Efficacy of Nitric Oxide Administration in Attenuating Ischemia/Reperfusion Injury During Neonatal Cardiopulmonary Bypass
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|ClinicalTrials.gov Identifier: NCT02151877|
Recruitment Status : Completed
First Posted : June 2, 2014
Last Update Posted : August 16, 2018
Around 7500 neonates born yearly in the United States have complex congenital heart disease that require surgical repair in the first few days of life. The complexity of the surgical repair requires long periods of cardiopulmonary bypass (CPB) and the use of intermittent periods of low flow or complete circulatory arrest. The immature neonatal vital organs are more prone to the complications of the cardiopulmonary bypass circulation, namely ischemia/reperfusion (I/R) injury and systemic inflammatory response. Inhaled nitric oxide (NO) is used frequently in neonates for the treatment of pulmonary hypertension, Additionally, many studies have shown that NO has an anti-inflammatory effect by reducing I/R injury and endothelial dysfunction.
The purpose of this pilot study is to assess the efficacy of NO administration via the CPB circuit in attenuating the CPB induced I/R injury and systemic inflammatory reaction in neonates undergoing repair of complex congenital heart defects. Specific goals will be to demonstrate that NO use via CPB will:
- Decrease markers of I/R injury and systemic inflammatory response.
- Decrease platelet activation leading to reduced postoperative bleeding and transfusion requirements.
- Decrease postoperative organ dysfunction, and hence decrease operative mortality and postoperative morbidity.
Twelve neonates undergoing repair of complex congenital heart defects will receive NO via the CPB circuit, for the duration of surgery. They will be compared to a control group of 12 similar patients. Serum levels of different ischemic reperfusion injury and inflammatory markers will be measured at different time points after surgery and will be correlated with different end organ function tests and clinical course in the postoperative period. The results will be compared between the two groups to try to determine the clinical benefit of NO administration through CPB circuit.
|Condition or disease||Intervention/treatment||Phase|
|Ischemia/Reperfusion Injury After Neonatal Cardiac Surgery Inflammatory Reaction After Neonatal Cardiac Surgery||Drug: Inhaled Nitric Oxide Drug: placebo||Not Applicable|
|Study Type :||Interventional (Clinical Trial)|
|Actual Enrollment :||24 participants|
|Intervention Model:||Parallel Assignment|
|Masking:||Triple (Participant, Care Provider, Investigator)|
|Official Title:||Efficacy of Nitric Oxide Administration in Attenuating Ischemia/Reperfusion Injury During Neonatal Cardiopulmonary Bypass.|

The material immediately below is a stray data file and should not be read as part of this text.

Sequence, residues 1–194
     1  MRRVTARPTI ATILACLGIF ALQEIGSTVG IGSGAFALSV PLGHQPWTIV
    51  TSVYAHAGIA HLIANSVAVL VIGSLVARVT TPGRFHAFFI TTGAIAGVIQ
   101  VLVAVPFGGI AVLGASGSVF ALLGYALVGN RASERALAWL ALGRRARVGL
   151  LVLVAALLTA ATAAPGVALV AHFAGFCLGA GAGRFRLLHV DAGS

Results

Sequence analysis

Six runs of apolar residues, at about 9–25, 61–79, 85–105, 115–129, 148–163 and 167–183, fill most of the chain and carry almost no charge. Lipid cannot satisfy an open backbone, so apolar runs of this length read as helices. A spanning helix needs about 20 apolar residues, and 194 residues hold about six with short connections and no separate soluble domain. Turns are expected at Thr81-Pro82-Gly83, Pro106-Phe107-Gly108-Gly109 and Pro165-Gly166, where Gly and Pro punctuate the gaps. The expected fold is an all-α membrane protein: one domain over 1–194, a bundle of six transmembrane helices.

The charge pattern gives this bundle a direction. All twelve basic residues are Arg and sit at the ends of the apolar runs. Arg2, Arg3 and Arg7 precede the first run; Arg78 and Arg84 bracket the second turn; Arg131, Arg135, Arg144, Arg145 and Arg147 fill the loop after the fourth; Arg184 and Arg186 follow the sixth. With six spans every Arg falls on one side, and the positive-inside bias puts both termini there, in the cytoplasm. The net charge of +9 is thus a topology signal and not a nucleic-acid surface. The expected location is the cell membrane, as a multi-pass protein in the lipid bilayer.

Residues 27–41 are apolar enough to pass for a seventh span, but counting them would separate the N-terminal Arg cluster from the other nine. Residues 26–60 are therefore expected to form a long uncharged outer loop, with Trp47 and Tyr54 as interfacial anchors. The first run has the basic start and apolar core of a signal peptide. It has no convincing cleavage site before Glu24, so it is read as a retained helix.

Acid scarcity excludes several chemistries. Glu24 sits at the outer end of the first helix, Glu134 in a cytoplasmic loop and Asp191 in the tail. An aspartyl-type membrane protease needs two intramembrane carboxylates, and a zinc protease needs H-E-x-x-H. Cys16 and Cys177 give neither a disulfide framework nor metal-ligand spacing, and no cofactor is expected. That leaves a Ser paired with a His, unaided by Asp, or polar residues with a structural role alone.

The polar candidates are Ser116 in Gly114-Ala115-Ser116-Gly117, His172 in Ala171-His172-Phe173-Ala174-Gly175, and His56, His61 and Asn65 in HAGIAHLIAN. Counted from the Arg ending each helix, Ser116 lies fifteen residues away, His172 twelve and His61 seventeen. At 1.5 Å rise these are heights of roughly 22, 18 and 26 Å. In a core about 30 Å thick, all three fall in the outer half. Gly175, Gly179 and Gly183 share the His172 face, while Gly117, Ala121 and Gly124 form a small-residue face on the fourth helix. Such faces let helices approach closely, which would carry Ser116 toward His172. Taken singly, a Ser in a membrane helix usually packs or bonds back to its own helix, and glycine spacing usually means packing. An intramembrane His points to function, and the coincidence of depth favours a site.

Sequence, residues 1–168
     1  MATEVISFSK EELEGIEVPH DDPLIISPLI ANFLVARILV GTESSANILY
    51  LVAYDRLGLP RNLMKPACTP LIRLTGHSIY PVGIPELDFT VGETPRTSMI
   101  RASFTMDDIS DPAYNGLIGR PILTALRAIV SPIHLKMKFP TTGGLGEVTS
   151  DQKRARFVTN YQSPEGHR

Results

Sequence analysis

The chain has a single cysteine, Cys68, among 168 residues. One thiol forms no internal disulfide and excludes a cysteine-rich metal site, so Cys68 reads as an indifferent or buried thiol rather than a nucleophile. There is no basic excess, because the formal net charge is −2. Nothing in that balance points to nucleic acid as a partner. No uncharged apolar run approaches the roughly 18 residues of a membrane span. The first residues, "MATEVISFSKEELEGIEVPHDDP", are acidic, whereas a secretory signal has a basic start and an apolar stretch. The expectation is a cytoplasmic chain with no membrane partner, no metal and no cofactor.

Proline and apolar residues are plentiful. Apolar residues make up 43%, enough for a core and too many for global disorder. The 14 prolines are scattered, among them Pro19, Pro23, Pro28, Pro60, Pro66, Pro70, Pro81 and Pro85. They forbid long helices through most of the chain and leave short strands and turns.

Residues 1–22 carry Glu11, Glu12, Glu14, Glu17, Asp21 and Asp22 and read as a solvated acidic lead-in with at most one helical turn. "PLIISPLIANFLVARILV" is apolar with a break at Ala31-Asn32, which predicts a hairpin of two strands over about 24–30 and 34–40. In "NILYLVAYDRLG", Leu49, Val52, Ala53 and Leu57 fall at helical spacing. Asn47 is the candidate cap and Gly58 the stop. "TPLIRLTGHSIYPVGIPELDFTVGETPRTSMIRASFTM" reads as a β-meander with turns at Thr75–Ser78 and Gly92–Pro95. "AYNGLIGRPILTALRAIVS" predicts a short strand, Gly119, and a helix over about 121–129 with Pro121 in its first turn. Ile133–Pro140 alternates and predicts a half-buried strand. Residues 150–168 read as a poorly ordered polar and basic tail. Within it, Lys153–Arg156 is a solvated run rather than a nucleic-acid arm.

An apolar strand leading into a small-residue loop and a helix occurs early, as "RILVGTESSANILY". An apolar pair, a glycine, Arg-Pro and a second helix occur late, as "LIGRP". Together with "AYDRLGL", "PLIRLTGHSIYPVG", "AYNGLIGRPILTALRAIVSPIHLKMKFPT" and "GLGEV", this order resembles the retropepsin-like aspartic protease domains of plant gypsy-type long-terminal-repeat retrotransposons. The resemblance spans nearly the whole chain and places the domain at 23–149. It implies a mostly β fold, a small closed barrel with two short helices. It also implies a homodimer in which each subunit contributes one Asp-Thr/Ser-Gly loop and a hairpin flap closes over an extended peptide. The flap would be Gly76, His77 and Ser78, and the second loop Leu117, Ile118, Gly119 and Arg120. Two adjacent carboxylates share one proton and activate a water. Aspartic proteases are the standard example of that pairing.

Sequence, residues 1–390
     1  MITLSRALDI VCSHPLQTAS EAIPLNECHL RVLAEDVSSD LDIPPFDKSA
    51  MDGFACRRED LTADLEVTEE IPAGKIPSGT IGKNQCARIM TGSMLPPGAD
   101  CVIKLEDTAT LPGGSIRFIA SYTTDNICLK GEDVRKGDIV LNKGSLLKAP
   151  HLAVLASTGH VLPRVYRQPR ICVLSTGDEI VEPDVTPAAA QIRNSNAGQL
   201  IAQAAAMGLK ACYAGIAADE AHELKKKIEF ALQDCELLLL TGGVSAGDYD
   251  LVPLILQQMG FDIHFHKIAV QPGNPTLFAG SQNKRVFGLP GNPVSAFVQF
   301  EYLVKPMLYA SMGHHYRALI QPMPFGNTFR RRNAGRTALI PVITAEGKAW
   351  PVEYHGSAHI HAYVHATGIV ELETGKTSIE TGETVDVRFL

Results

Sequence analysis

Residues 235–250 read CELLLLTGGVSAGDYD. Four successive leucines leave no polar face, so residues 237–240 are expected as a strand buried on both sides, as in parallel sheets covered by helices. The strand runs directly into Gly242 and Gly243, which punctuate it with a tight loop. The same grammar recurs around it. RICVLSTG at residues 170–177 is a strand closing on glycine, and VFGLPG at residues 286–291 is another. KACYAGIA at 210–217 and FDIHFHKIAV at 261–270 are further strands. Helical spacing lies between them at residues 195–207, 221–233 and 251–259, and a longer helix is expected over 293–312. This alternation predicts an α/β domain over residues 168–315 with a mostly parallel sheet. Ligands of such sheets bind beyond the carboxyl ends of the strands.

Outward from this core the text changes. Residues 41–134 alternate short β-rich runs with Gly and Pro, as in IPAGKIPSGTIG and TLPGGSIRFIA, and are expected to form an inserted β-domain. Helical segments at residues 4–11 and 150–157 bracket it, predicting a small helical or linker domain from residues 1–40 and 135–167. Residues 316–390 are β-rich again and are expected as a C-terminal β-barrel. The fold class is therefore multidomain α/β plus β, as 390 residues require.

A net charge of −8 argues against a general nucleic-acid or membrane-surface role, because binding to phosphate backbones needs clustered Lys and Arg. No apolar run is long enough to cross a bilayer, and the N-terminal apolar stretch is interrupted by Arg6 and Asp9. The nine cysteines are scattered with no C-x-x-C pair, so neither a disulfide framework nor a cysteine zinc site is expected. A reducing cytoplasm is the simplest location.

|Study Start Date :||July 2014|
|Actual Primary Completion Date :||August 15, 2018|
|Actual Study Completion Date :||August 15, 2018|
Experimental: Nitric oxide on CPB
neonates receiving inhaled NO into the cardiopulmonary bypass circuit during cardiac surgery
Drug: Inhaled Nitric Oxide
delivering inhaled Nitric Oxide into the cardiopulmonary bypass circuit during neonatal cardiac surgery
Other Name: study group
Placebo Comparator: control
neonates not receiving inhaled NO into the cardiopulmonary bypass
inhaled Nitric Oxide not delivered to the cardiopulmonary bypass circuit during neonatal cardiac surgery
Other Name: control group
- inflammatory biomarkers [ Time Frame: 48 hours after cardiac surgery ]Markers of ischemia/reperfusion injury (PLasma Malondialdehyde (MDA), superoxide Dismutase, Neurotrophin (NT) pro-B-natriuretic peptide (BNP)..) and inflammatory markers (Interleukins 6 and 8, Procalcitonin, Tumor necrosis factor TNF alpha..) will be measured at different time intervals after cardiac surgery and compared between study group and control group.
- Fluid balance [ Time Frame: 48 hours after cardiac surgery ]The total fluid requirements and diuretic needs will be evaluated, as well as the length of time (days) needed to diurese all the extra fluids that accumulated after cardiac surgery.
- Surgical morbidity [ Time Frame: 1 month after cardiac surgery ]include all complications that may happen after cardiac surgery for the whole period of hospital stay, that is expected to be around 1 month. This include renal failure, prolonged intubation and ventilatory support, infections..
To learn more about this study, you or your doctor may contact the study research staff using the contact information provided by the sponsor.
Please refer to this study by its ClinicalTrials.gov identifier (NCT number): NCT02151877
|United States, Illinois|
|Advocate Children's Hospital|
|Oak Lawn, Illinois, United States, 60453|
|Principal Investigator:||Chawki F Elzein, MD||Advocate Healthcare|